- All PPE must be inspected before each use, and it is the responsibility of the individual wearer to accomplish this. A Pre-use inspection should include: looking for tears, punctures, discoloration, or brittle spots, which could indicate a defective condition. Defective PPE must not be worn or used. Laboratory workers should know the appropriate techniques for donning (putting on) and doffing (removing) contaminated protective clothing in an emergency.
- Examples of Personal Protective Equipment and Its Use
- Eye Protection:Eye protection is required for everyone (employees, students and visitors) in any location where chemicals are stored or handled. Protective eyewear is designed to keep material out of the eyes, or off of the face.
- Safety Glasses:Safety glasses must be made in accordance with the Standard for Occupational and Educational Eye and Face Protection (ANSI Z87. 1), from the American National Standards Institute. These requirements include: a minimum lens thickness of 3mm, impact resistance standards to be met, passage of a flammability test, and lens retaining frames. These can be prescription or non-prescription. Side shields may be attached to safety glasses that do not have built-in shields; however, side shields offer only limited protection for objects or materials approaching from the side of the wearer, and do not offer adequate protection against splashes or mists/vapors
- Goggles and Face Shields:
- Goggles are required for handling chemicals and hazardous materials within the confines of the facility. They are intended for use when there is danger of splashing chemicals, flying particles, or vapors/mists. Only "chemical style" goggles will be approved for use in the facility.
- Face shields offer some protection to the face and neck. Full-face shields should always be worn when maximum protection from harmful materials, especially liquids or particles, is needed. Safety glasses or goggles should be worn under the shield.
- Other Protective Clothing
The PPE Ensemble includes gloves, lab coats or aprons; coveralls or full body suits, and protective footwear constructed of fabric, or special materials such as butyl rubber or Tyvek.
- Gloves must be worn whenever it is necessary to handle rough or sharp objects, hot or cold materials, or whenever protection is needed against exposure to chemicals. Skin contact is a potential source of exposure to toxic materials. Gloves should not be worn around moving equipment or where they could become entangled and damaged.
- Lab coats are intended to prevent contact with dirt and minor chemical splashes or spills encountered in laboratory scale work. Lab coats, depending upon the materials they are made from, do not significantly resist penetration by organic liquids, and if contaminated, should be removed immediately.
- Aprons of plastic or rubber generally provide better protection for corrosive or irritating liquids, but can complicate injuries in the event a wearer is involved in a fire.
- Coveralls or full body suits, especially disposal ones, are generally preferred in high-risk situations. Generally, any coverall will have limitations as to the degree of protection offered and must be matched against the type of operation being performed and the materials involved.
- Foot protection such as rubber boots or plastic shoe covers may be required to avoid possible exposure to corrosive chemicals or solvents; however, shoe covers can increase the possibility of falling since they generally do not exert a great deal of friction on walking surfaces.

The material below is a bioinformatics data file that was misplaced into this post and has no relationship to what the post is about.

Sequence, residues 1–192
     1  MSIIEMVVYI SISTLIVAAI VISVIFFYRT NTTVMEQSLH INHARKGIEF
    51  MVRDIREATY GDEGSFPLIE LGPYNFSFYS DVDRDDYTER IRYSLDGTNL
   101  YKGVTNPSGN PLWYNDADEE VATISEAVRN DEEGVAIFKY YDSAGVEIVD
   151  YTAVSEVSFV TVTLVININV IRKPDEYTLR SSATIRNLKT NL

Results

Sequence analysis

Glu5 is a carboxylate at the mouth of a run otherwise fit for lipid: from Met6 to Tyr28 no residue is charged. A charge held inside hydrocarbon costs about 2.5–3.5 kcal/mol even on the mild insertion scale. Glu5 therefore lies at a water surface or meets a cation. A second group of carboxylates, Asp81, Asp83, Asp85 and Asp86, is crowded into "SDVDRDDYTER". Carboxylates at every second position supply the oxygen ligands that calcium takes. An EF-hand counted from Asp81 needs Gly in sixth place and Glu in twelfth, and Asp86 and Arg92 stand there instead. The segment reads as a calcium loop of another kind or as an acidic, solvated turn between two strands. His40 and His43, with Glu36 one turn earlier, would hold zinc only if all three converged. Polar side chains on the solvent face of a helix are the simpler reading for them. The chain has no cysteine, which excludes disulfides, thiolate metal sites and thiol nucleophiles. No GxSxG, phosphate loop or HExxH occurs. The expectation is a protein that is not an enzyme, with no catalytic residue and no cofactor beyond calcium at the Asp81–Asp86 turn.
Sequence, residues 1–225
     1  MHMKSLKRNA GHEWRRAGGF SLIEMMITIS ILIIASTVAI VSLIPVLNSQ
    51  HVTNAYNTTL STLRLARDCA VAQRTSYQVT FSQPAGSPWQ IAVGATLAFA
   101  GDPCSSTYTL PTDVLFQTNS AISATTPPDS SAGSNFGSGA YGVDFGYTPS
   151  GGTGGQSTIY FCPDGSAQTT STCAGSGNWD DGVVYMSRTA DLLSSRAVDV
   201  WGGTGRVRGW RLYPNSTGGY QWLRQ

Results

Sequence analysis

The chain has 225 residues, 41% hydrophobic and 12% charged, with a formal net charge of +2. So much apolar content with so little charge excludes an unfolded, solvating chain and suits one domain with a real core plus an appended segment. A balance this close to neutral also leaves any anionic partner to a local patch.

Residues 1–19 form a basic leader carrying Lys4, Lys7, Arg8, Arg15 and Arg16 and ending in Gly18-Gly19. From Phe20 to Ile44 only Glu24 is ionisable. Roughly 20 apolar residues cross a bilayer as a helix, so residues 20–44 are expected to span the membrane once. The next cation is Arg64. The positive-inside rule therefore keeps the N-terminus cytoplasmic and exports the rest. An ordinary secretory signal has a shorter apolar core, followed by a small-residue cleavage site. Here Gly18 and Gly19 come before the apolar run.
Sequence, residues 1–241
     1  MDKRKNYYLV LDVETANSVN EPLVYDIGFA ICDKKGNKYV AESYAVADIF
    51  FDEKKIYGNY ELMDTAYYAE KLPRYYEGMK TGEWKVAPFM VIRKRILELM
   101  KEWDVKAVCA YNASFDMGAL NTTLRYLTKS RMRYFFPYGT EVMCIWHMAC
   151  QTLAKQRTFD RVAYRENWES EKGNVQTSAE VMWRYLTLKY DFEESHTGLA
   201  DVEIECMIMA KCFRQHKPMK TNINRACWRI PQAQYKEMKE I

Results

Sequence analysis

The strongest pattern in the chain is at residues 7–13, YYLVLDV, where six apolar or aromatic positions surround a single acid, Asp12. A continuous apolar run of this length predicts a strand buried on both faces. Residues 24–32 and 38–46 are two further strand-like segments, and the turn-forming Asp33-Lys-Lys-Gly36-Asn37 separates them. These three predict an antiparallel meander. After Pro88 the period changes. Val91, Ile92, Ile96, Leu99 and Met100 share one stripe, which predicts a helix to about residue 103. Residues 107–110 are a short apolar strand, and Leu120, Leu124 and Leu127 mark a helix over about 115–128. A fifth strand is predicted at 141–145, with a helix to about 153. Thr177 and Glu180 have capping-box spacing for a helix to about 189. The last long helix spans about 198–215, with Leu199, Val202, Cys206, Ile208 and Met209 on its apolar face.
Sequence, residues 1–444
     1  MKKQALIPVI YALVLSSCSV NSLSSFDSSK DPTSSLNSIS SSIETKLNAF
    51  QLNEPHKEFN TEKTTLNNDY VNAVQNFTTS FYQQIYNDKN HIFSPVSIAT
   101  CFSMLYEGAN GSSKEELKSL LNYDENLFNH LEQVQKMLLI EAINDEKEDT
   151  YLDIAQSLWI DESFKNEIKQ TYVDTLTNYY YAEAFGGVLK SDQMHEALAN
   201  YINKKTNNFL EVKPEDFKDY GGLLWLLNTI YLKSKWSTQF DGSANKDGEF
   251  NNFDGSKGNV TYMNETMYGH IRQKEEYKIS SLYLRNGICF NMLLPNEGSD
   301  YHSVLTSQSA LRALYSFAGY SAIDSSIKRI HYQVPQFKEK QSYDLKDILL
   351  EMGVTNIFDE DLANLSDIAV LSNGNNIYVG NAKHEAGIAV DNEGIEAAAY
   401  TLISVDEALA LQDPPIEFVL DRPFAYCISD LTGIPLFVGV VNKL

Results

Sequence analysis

- Sandals or open toed shoes are prohibited in laboratories
- Respiratory Protection
- The primary method for protection of laboratory personnel from airborne contaminates is by engineered ventilation (e.g. fume hoods, exhaust systems). However, there are circumstances when these systems are not available, or increased personal protection is required. Should this be the case, suitable respiratory protection must be provided and used.
- Under Public Employee's Occupational Safety and Health Adoption of the Federal OSHA Standards (29CFR 1910), only equipment listed and approved by the Mine Safety and Health Administration (MSHA) and National Institute for Occupational Safety and Health (NIOSH) may be used. In addition, a respirator program must be in place within the institution.
- This program requires written information on the limitations, fitting methods, inspection and cleaning for each type of respirator that is used at the institution. The program begins with a physical examination prior to an individual being entered into a program that requires use of a respirator [Federal OSHA 29 CFR 1910.134 (b) (10)]. Specific training and fit testing of a respirator to each individual is also required
- Non-Emergency Respiratory Protection
- There are several types of non-emergency respirators available for protection in atmospheres that are not immediately dangerous to life or health (IDLH), but could be detrimental to an individual after prolonged or repeated exposure to a toxic atmosphere or substance.
- These respirators must be used only in atmospheres where the oxygen level is within normal range (19.5% approximately). Generally, use of a respirator will require the use of some other PPE (e.g., protective coveralls and gloves to protect skin from splashes of corrosives or materials that can be absorbed through the skin). Some types of common respirators are outlined below:
- Chemical Cartridge Air Purifying Respirators (APR) are designed for protection only against a particular individual or class of vapors or gases as specified on the cartridge. These units work by absorbing or filtering the contaminants out of the air. Activated charcoal is probably the most common type of absorbent. Because breakdown of the material of which the respirator is constructed is possible, it is important that the user know the type of hazardous material they are working with and any odors associated with the material. These respirators can be of complete or half-face coverage.